In this paper, we revisit our 2004 paper that found a strong positive association between happiness and future outcomes, based on data for Russia in the years 1995-2000. This paper takes advantage of a new Gallup panel for the U.S. for 2014-2016. We essentially duplicate our original method, and add some new specifications. We find remarkably similar patterns and associations between initial period happiness and later period outcomes in the U.S., based on a very different time and sample from Russia in the 1990’s.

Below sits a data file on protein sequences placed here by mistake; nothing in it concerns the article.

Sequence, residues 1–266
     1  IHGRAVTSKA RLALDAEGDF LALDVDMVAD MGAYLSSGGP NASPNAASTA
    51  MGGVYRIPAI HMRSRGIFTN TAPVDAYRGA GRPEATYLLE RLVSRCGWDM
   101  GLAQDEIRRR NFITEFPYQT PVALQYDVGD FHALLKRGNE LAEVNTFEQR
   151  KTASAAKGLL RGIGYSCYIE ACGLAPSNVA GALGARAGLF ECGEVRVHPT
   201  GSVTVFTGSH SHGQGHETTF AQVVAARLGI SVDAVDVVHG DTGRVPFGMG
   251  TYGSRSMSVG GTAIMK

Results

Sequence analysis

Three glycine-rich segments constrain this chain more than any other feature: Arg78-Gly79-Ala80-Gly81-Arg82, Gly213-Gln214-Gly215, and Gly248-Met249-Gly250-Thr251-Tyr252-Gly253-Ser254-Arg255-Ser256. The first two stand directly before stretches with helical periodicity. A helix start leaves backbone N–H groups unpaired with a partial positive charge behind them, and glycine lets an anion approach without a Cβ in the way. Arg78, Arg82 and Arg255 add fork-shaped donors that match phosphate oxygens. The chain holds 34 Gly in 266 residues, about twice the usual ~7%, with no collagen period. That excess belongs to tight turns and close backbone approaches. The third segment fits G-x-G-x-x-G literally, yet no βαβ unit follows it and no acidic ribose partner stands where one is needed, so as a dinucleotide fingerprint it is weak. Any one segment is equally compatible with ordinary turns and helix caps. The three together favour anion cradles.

We believe that duplicating the earlier findings in a very different time and place is an important test of how robust this association is. We also find some new twists in the initial patterns that are interesting in their own right. The aim here is not only to show that the causality does not just run from the usual variables to higher or lower levels of well-being, but that the traits that subjective well-being metrics capture, such as happiness and hope, have their own independent role in the outcomes of the lives of myriad individuals around the world.